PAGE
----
Altair was the name given to the most recent upgrade to the Ethereum network following London. Altair, as Beiko explained to Cointelegraph, was the first update to the Beacon Chain since its December 2020 launch. According to him, the upgrade acted as a test for the merge while also harmonizing validators’ incentives:
“The upgrade raised the penalties that validators receive if they propose invalid blocks or are offline to their ‘true’ levels. When the Beacon Chain launched, these penalties were lowered to be more lenient towards stakers in the early days. Now that we know that things work reliably, it was time to bring the penalties to their true level.”
Ben Edgington, principal product owner of Teku, a ConsenSys-developed Eth2 client, also chimed in on the Altair upgrade’s complexities: “This was our first time doing it, and we wanted to ensure that everything went smoothly before we made the major switch to proof-of-stake.” “It went extremely successfully,” he continued, “and we are sure that we can manage future updates.”
Edgington noted many significant modifications to Altair while acknowledging that the majority of these enhancements were subtle and may have gone unnoticed by stakeholder.
According to Edgington, sync committees were developed to enable light clients to securely sync with the state of the Beacon Chain, making it “possible in the future to have things like an in-browser wallet that does not rely on any trusted third-party.”
Additionally, the internal calculation of block rewards has been improved. Proposing blocks now earns a greater payout, in addition to various technical improvements, although staking incentives remain same.
Finally, a significant modification was made to the slicing of penalties, which had been reduced to a lower threshold when the Beacon Chain launched last year.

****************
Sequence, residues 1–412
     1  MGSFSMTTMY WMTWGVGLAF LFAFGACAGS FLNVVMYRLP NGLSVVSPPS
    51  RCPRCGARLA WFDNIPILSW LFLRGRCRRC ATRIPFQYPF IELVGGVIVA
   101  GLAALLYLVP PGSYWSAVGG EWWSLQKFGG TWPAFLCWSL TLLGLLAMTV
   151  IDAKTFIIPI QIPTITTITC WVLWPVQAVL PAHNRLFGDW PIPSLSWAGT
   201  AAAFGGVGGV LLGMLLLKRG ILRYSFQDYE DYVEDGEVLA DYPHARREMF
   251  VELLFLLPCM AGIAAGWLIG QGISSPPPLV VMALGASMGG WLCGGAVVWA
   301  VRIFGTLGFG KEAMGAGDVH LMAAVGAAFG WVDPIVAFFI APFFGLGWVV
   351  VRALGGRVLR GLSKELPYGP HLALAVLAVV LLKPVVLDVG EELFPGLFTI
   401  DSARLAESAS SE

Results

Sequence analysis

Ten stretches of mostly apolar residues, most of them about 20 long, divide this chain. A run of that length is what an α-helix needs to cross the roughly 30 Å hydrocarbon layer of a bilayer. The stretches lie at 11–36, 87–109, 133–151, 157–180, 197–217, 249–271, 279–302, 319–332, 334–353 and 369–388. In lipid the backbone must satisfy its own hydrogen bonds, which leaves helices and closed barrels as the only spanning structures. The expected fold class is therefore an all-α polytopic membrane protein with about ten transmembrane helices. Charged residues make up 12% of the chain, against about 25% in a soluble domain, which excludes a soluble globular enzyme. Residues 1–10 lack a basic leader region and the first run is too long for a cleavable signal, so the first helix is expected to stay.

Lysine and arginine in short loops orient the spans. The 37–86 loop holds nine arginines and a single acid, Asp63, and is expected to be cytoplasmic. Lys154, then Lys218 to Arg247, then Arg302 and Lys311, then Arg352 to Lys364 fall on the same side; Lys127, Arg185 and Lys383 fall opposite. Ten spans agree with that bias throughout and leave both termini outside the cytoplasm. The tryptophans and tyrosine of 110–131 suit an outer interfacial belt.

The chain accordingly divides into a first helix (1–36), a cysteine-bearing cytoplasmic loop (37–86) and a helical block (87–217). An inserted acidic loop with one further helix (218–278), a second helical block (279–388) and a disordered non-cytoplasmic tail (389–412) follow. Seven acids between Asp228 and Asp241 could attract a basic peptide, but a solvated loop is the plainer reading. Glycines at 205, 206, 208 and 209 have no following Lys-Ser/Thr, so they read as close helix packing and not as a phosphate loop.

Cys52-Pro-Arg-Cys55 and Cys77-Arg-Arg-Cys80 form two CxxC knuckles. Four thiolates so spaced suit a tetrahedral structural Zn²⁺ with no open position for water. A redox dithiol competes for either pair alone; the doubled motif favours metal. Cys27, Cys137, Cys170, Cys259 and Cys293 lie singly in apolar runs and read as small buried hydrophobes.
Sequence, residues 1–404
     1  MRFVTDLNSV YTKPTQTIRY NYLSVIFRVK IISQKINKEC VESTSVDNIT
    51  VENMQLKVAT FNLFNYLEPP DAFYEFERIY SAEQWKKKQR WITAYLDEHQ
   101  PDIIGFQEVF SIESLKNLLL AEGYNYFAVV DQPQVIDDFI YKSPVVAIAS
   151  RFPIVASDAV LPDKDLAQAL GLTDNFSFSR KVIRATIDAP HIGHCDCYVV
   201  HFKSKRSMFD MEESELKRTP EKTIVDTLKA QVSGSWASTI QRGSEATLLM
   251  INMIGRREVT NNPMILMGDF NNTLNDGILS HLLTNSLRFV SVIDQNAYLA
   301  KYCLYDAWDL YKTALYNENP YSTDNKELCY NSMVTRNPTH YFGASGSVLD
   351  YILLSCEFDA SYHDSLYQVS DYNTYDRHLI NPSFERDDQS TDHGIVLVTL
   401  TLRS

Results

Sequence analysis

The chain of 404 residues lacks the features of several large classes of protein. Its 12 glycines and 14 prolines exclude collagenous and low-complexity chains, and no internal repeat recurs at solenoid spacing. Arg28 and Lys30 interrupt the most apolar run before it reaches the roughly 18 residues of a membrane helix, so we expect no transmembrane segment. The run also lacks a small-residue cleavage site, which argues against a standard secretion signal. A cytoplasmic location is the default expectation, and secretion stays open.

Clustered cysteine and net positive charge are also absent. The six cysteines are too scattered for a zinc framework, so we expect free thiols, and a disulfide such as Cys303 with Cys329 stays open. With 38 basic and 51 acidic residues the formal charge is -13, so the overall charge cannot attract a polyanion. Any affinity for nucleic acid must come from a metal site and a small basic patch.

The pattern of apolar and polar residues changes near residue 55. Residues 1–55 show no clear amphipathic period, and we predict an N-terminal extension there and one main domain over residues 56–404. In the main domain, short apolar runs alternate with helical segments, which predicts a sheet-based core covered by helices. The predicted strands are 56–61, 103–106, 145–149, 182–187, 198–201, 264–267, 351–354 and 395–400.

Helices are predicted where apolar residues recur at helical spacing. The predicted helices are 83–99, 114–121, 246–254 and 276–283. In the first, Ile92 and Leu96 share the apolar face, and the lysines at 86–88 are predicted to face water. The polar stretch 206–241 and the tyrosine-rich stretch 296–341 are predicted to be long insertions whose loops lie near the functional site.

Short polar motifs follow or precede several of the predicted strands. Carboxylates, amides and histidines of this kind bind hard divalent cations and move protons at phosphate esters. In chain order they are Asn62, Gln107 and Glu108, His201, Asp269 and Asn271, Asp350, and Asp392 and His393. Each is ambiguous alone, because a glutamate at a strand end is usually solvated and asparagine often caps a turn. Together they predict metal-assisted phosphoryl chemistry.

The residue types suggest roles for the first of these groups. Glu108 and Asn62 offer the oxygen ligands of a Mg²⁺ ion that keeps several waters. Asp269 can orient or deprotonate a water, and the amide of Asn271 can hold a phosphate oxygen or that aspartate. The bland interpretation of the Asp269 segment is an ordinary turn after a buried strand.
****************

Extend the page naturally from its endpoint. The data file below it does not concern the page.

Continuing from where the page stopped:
Slashing is intended to deter validators from engaging in network misbehavior, such as being offline and so being unable to sign transactions. As Edgington points out, there has already been considerable opportunity to assess the mechanism’s efficacy:
“Slashing penalties were reduced at the start of the Beacon Chain to increase stakers’ confidence. Now that we are all much more comfortable with staking, penalties are gradually being increased towards their ‘crypto-economically correct’ values.”
In October, a number of representatives from Ethereum client teams attended a workshop titled Amphora. The group collaborated to complete a series of development milestones that simulated the Eth2 merge on a test net – thus acting as a dress rehearsal for the real deal later this year. Edginton summarized the workshop’s outcomes and provided a best estimate for the transition to Eth2 to occur in Q2 of 2022.
“We are now working towards a public Merge testnet called Kintsugi that is planned to go live in early December, next month. Kintsugi is intended to implement a release candidate design for The Merge, meaning that the technical implementation work is all but done. After that, there is only a process of testing, risk management and governance required before The Merge can happen.”